Alison Turner

Posted by Cherie Bosela on

Alison Turner Mosaics
Cornwall, UK


Alison Turner

LMA: Tell us a little about your artistic background and how you got started in mosaic art:

Alison: I have always been 'arty' and willing to give anything a go. I've upcycled and recycled all my life, from breathing new life into old furniture to making items from scratch. My very first mosaic came about when I had very little money and had a rotten window frame that needed fixing. I chiseled out the rotten wood, filled it (which looked unsightly!) and then covered it in mosaic from a mirror I'd dropped and wanted to reuse. I was 18 and remember feeling so proud! The way the light pooling through the glass bounced off the shards creating streams of light in the room got me hooked.


LMA: How long have you been creating mosaic, art, etc?

Alison: My first mosaic was when I was 18 and I went on to apply mosaic to interior and exterior personal projects like splashbacks, walls, fire surrounds and floors, but never for anyone else. I made lots of mistakes which didn't matter as it was only for me and a great way to learn with no pressure. I didn't start doing it 'professionally' until 2013 (25 years later!) when I launched my business and started a Facebook page and then eventually my website.

Alison Turner

LMA: What about mosaics resonates with you?

Alison: When I rediscovered mosaic in a big way 7 years ago, it really began as therapy. I could become totally immersed in the process. It teaches you patience and perseverance. Mosaic isn't instant, it takes time and careful thought. Each piece is considered individually on it's merit and it teaches you to constantly look at the bigger picture. Often it's not until the last piece is laid or grouted that that the work leaps to life. 

The fact that broken pieces become whole again resonates with me too. I also adore the tactility, the differing levels and the way the light reacts with unglazed tile, mirror, glass, china and pottery all sat next to each other. Mosaic art comes to life in a way no other art form excites me. Especially true for 3D substrates and large scale sculptures.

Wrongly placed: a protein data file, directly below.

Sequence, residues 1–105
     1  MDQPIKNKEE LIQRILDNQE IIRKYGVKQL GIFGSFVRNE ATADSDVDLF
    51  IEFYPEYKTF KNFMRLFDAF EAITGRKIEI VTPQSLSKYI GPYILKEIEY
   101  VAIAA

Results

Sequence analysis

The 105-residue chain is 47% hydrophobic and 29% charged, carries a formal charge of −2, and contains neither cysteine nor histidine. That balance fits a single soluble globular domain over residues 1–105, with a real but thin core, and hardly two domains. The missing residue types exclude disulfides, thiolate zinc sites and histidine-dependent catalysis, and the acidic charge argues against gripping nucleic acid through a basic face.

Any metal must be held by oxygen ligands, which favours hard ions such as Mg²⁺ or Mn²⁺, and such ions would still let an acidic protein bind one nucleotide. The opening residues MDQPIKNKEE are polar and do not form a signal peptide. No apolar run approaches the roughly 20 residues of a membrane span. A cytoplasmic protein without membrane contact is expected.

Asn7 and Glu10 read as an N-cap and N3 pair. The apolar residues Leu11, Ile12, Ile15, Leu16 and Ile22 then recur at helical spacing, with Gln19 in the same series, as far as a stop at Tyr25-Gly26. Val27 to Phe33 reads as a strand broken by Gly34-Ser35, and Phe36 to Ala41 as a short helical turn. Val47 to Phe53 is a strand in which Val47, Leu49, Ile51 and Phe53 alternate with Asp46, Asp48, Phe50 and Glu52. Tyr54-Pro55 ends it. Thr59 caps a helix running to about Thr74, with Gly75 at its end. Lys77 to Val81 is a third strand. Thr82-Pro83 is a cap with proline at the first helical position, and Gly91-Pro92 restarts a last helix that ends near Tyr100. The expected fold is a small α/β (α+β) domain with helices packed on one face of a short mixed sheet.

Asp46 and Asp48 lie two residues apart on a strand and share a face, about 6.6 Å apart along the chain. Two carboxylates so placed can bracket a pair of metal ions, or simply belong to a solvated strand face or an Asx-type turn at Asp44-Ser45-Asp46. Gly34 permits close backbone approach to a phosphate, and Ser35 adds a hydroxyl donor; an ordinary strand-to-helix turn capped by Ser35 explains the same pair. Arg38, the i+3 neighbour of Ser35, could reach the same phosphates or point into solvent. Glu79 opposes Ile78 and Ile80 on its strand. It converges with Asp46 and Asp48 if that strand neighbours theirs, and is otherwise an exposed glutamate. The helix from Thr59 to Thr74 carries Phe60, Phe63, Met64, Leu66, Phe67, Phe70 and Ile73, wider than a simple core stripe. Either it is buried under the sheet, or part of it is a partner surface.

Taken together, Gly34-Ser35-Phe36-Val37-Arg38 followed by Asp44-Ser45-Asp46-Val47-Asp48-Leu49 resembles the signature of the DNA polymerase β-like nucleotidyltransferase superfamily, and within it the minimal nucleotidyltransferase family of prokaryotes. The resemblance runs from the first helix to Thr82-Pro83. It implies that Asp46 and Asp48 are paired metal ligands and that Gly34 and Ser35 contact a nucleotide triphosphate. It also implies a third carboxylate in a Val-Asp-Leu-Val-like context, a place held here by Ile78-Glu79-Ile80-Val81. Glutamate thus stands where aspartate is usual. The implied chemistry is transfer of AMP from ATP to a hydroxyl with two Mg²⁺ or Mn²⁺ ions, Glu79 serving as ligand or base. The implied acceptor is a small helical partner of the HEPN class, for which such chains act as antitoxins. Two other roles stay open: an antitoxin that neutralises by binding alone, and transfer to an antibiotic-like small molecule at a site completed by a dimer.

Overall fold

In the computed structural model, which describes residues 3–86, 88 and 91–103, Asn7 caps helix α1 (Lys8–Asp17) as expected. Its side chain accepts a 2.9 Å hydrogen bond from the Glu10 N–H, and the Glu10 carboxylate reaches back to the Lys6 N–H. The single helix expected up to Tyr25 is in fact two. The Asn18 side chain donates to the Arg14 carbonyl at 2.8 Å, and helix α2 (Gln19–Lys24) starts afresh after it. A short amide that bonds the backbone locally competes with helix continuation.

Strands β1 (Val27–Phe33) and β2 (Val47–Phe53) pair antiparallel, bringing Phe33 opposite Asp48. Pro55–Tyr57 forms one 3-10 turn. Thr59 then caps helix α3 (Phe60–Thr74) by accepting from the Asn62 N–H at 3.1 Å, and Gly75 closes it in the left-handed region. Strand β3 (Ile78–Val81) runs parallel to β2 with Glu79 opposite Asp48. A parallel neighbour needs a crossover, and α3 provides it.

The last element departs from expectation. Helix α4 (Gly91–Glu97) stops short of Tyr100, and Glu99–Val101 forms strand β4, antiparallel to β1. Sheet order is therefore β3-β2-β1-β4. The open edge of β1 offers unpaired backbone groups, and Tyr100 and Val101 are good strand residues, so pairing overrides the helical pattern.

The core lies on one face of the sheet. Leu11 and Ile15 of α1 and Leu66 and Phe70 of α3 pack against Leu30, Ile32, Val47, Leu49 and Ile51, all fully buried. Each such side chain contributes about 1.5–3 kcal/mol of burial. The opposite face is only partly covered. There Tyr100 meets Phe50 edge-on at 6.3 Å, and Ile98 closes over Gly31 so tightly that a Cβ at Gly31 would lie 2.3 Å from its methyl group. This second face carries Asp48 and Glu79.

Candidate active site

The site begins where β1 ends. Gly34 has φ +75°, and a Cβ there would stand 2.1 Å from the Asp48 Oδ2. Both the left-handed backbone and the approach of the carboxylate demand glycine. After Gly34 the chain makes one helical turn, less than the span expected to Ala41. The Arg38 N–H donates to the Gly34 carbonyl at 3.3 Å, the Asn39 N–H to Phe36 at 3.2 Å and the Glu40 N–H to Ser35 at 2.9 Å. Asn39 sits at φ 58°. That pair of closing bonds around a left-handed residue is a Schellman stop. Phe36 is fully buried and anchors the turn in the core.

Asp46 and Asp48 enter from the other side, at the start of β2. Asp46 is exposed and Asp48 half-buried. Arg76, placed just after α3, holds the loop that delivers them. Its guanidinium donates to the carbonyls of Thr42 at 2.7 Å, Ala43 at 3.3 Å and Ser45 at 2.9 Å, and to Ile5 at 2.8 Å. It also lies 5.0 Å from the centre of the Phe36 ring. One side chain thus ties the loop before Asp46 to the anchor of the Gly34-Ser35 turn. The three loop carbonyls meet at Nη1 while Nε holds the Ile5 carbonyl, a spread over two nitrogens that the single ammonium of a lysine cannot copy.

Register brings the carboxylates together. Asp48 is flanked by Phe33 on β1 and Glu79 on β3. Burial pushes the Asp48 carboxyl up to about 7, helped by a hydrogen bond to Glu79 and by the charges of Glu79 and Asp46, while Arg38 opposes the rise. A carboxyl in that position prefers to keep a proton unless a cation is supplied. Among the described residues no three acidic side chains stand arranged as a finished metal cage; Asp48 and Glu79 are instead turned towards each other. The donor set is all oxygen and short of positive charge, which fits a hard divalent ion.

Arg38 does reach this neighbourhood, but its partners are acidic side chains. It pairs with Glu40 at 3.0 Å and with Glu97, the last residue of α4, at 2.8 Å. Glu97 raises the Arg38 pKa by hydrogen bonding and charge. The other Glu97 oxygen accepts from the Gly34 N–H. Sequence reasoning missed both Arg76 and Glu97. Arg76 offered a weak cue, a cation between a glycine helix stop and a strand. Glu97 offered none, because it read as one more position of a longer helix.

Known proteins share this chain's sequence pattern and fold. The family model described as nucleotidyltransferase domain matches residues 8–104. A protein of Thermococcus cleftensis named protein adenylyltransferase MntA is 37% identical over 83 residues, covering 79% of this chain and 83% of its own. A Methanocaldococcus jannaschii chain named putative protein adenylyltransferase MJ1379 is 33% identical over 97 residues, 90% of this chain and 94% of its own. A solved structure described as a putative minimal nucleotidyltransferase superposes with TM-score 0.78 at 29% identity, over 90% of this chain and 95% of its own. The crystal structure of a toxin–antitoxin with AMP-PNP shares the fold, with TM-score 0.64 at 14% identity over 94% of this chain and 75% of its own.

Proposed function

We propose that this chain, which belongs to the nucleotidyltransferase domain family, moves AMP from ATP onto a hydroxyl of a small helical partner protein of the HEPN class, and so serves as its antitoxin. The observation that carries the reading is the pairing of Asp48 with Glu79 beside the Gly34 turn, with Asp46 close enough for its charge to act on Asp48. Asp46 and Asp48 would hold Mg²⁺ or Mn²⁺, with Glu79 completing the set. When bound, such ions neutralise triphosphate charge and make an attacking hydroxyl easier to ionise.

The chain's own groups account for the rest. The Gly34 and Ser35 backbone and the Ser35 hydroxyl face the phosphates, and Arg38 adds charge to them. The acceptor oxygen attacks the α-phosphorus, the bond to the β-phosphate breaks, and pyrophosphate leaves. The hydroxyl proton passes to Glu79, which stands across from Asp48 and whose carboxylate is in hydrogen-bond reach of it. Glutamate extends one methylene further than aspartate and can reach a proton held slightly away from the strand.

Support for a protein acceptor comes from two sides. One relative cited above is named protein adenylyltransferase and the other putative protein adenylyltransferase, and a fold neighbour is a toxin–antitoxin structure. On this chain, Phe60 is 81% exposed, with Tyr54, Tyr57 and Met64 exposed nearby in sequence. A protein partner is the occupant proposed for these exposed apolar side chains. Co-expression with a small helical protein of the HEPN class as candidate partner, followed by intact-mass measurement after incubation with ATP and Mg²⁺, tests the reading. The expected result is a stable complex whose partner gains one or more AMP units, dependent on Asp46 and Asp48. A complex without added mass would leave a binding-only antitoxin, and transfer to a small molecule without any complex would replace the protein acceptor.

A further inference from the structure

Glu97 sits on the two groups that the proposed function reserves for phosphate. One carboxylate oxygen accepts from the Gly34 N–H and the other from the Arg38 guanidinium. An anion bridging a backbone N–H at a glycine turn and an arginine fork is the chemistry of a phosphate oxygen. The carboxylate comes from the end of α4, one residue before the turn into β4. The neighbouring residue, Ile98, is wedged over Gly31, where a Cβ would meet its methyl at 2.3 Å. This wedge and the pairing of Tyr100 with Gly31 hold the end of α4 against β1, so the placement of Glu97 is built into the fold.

LMA: What is your favorite part of the mosaic process?

Alison: I love everything about the mosaic process but I have to say I adore grouting! Grout is so vital. Get the colour wrong and the carefully clipped tesserae blend away. When you get it right however, everything comes together and really adds depth.

Alison Turner

LMA: Do you have favorite materials you like to work with? What are they?

Alison: I mainly work with glass, vintage china plates and ceramic tile. I love using the patterns on the china. For example I'll search through my collection for ages choosing a pattern that would make a perfect 'eye' for example. You need to see things in the design other than what it is, when you open your mind to that, you see what they can become rather than what they are.


LMA: What is your favorite thing you have created and why?

Alison: Everything I have created is important to me because people have them in their homes all over the world. That's a huge deal I think...however if I had to choose a favourite it would be one of the two large 3D sculptures. Either the 8ft Giraffe for Worcester Stands Tall (which was auctioned for charity in 2018 raising £15k) or Sebastian the 6ft Hare commission as it is the longest I've ever spent (6 months) on one project and was a highly personalized piece for my clients that will be handed down for generations.

Alison Turner

LMA: What would you like to learn/add to your mosaics experience?

Alison: As I've never taken a class/workshop/any 'formal' training in this medium it would be a dream to study mosaic in Italy. I'd love to learn traditional methods as my process is modern/contemporary.